Matt Soldo

Upgraded Autobuild System on Docker Hub

Docker Hub‘s automated build system is one of it’s most popular features. One quarter of all repositories on Docker Hub are created through the automated build system, and the system is now processing over 60,000 builds per week – a 300% increase since the beginning of this year. Today, we are releasing a major upgrade to our Autobuild system which features dynamic matching of git branches and tags, a faster and more secure build infrastructure, and user control over build parallelism.

Dynamic Matching

With this new release, the Docker Hub build system can now be configured to dynamically trigger builds as your team creates new git branches and tags. So if for example you create a new git feature branch named “great-new-feature”, the build system will automatically build a docker image tagged as “great-new-feature”. This allows Docker Hub autobuilds to fit seamlessly into your development and deployment workflow. It is configurable to support full dynamic matches, regex filters, or simple static matches.

By default, newly created autobuilds will build match and build all branches of the linked git repository. You can customize it by creating any number of build rules. Each rule can match either a git branch or tag. The rules can be static (e.g. only the git “master” branch) or dynamic. Dynamic rules are created by entering a regular expression, so you can filter branches or tags however you wish. If for example your team uses git tags to mark version numbers, you could crete a rule to build all tags matching /^[0-9.]+$/.


Faster, More Secure Builds

In addition to these dynamic builds, we have also overhauled the backend of our build system so that builds our faster and more secure.

The previous hub builds infrastructure was designed with a global build queue and a fixed fleet of builds machines. Builds have a “rush hour”, typically from 2-5pm US pacific and this frequently caused delays (as long as 2 hours) for a a build to get through the queue.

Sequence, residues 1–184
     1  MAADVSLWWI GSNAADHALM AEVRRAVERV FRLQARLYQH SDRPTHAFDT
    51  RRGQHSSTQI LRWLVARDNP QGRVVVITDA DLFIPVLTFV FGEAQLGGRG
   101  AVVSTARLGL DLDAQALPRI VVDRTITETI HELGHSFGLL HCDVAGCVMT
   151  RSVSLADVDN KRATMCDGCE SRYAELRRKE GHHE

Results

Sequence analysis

With our new infrastructure, each user has their own private build queue This way your builds will start quickly and in a predictable manner.

In addition, builds are now more secure. The build system spins up a new build node for each build request. This guarantees that private build artifacts that may be left over from one build cannot be retrieved by a malicious user.


Control over Parallelism

Finally, we are providing control over executing multiple builds in parallel. The Automated Build system will execute as many builds in parallel as you have private repositories. So if for example you are subscribed to our 10 repo “small” plan, you could execute 10 builds simultaneously. Users of our free plan (which includes 1 free private repo), can execute one build at a time.


Using the new Autobuilds

With dynamic build rules, faster builds, and control over build parallelism, now is a great time to try the autobuild system if you haven’t already. If your team already is already using autobuilds, you do not need to take any action to use the new system and you can add dynamic rules to them by visiting the build settings menu on Docker Hub.



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Matt Soldo

Upgraded Autobuild System on Docker Hub

3 Responses to “Upgraded Autobuild System on Docker Hub”

  1. Alexey Bobyrev

    That’s cool, but now there is an issue with automatic builds with submodules:

  2. Kevin

    Please please, we need a feature to support security updates properly. git often does not have all the changes. Often our containers are made up of only ‘yum install x’ and when a security update in a repo the containers use happens, the container should be updated as well. Having a set of hooks for kicking off builds when ‘yum upgrade’ or ‘apt-get upgrade’ has updates to do inside the container is a really important, but lacking feature.

  3. DockerCon Europe 2015: Day 2 « David Currie

    […] websphere-liberty image for which I am a maintainer. There was also a demo of the enhancements to auto-builds in Docker Hub and the use of Tutum, Docker’s recent Docker hosting […]


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